Varangian Guardsmen, an illumination from the Skylitzis Chronicle.

Varangian Guardsmen, an illumination from the Skylitzis Chronicle.

For a Viking, a place in the Varangian Guard was a dream come true – riches, the run of the place, and access to more food, women, and drink than were in Valhalla. It wasn’t just Swedes who worked for the Byzantine emperor – word got around and many Norsemen and Danes also volunteered.

Two of them were “Halfdan” and “Ári”. We know their names because they left them to be found in two runic inscriptions. You can see them today if you visit the famous Hagia Sophia, the beautiful mosque in Istanbul, once an Orthodox church.

On a balcony on the south side, you can read “Halfdan carved these runes.” Not far away, a man named Ári wrote: “Ári made the runes.” Aside from Ári and Halfdan, we know that the famous Norwegian Viking and later king, Harald Hardrada (“Hard-ruler”), was a member of the Varangian Guard and took part in many battles on behalf of the emperor.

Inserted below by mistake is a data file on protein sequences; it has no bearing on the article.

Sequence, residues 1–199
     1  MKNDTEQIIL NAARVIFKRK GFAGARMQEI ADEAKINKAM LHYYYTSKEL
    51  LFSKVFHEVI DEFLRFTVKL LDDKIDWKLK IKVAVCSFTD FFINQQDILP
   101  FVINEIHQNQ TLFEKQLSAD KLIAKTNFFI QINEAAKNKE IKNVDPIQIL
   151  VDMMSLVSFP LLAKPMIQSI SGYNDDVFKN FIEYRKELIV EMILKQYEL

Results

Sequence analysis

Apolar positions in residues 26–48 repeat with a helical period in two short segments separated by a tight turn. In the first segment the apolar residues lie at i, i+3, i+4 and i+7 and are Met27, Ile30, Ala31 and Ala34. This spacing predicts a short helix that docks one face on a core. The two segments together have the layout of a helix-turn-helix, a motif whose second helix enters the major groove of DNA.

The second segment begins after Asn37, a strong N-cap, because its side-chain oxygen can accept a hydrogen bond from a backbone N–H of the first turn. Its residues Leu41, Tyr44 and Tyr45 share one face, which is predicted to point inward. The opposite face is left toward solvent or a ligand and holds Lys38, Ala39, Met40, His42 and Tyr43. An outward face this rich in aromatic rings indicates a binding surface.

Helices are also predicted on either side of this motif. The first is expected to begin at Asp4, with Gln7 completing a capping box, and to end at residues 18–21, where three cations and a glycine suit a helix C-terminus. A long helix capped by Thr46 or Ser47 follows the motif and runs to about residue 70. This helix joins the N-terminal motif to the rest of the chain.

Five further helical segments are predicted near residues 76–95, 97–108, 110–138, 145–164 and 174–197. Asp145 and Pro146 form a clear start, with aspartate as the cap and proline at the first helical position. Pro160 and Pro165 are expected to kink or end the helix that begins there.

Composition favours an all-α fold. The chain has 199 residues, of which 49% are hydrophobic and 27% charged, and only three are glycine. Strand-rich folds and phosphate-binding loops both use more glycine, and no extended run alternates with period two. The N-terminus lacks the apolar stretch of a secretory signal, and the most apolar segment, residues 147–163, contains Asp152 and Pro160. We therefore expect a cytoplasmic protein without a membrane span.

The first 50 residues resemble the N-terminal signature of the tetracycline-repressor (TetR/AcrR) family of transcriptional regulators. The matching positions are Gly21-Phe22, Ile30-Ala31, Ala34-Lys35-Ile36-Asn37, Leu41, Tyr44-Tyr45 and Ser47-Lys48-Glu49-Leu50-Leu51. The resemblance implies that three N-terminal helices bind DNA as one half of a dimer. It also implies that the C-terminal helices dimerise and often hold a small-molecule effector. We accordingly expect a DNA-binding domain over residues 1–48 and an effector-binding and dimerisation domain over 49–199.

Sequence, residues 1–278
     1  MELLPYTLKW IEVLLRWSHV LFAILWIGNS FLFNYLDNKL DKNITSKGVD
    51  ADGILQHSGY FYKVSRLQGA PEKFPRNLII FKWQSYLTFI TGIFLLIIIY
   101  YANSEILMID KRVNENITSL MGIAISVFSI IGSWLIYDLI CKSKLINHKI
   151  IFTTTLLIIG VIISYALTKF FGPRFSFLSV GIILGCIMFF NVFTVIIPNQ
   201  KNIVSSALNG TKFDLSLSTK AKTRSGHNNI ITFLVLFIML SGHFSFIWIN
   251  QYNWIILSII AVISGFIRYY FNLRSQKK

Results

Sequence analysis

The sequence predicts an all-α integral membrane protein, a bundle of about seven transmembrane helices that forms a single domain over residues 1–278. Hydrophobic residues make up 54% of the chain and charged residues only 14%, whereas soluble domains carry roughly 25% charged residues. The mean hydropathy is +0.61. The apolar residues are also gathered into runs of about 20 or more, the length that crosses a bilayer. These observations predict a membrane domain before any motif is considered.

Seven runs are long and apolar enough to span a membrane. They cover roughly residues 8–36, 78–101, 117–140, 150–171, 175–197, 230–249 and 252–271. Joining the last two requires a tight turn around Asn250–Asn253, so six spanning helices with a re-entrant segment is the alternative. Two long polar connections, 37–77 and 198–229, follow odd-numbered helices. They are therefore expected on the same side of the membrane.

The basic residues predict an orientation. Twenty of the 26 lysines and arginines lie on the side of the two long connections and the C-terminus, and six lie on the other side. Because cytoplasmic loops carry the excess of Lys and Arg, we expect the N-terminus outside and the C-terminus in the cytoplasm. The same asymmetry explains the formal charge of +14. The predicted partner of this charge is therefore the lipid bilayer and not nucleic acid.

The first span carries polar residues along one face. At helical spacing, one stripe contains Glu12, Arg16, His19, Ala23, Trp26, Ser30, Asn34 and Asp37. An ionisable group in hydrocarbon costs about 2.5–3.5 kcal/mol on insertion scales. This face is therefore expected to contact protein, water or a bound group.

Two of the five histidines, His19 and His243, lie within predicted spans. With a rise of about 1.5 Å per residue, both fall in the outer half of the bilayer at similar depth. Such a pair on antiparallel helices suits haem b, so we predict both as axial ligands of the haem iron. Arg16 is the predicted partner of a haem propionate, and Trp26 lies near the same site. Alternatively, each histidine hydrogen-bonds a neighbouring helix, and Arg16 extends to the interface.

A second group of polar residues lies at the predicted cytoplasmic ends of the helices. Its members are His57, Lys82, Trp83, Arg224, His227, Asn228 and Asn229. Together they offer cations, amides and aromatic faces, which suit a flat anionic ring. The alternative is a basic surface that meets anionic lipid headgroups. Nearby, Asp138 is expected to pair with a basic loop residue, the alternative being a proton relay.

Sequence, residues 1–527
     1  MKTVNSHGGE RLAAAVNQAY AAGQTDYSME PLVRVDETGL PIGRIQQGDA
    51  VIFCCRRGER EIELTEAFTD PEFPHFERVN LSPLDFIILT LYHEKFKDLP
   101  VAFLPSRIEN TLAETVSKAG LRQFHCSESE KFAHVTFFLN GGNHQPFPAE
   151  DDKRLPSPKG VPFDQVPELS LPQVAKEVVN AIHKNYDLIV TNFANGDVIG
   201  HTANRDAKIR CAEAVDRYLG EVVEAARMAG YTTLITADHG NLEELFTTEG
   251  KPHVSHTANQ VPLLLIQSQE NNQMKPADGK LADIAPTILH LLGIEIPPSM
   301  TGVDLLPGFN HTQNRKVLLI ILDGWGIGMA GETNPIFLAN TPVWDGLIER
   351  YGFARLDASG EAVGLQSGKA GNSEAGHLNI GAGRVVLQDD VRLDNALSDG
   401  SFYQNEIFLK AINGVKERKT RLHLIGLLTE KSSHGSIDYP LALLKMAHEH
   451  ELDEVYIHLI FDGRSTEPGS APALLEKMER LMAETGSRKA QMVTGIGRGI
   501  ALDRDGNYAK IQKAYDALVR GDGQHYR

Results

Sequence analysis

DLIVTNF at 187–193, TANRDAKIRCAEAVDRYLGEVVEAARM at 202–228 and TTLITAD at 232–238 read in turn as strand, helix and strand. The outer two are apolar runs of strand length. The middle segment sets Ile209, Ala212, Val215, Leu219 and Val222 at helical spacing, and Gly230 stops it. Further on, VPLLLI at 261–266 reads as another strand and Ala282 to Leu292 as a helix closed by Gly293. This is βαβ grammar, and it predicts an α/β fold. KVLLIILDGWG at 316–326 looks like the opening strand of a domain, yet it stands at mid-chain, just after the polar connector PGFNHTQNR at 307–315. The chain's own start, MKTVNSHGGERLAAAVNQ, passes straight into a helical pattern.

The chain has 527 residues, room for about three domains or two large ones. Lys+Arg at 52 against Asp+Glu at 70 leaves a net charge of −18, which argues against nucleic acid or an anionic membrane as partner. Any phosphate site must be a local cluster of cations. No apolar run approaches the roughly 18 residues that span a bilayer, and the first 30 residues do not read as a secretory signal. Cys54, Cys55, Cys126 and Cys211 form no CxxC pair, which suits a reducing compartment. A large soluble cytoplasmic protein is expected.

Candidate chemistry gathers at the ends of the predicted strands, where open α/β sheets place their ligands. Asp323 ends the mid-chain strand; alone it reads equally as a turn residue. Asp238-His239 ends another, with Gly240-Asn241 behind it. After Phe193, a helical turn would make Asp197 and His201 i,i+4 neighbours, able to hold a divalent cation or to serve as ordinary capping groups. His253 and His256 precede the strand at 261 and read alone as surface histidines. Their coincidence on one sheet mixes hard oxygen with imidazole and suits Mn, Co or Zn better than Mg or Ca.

Viking graffiti inside the Hagia Sophia, Istanbul.

Viking graffiti inside the Hagia Sophia, Istanbul.

Harald later returned to Norway, seized power, and after some years, attempted to restore Viking rule to northern England, but was killed at the Battle of Stamford Bridge in 1066.

The Turkish city of Patara is ancient, and once was of great import as a trading post with the rest of the Mediterranean world. Archaeologists have been digging there for over thirty years, finding items spanning the period from the Greeks to the 19th century. The sword is of Scandinavian design. The intact part is 17 inches long and was found inside a wooden sheath, which is of great importance.

Viking swords in wooden sheaths have mostly been found in graves: Vikings, like many other cultures of the time and before, left grave goods to journey to the afterlife with the departed.

Read another story from us: 8-yr-old Girl Finds Ancient Pre-Viking Sword in Swedish Lake

The sword has been dated to the 9th or 10th century, just as the Viking influence was beginning to be felt in the area. Digging continues and there are hopes that other Viking objects may be found.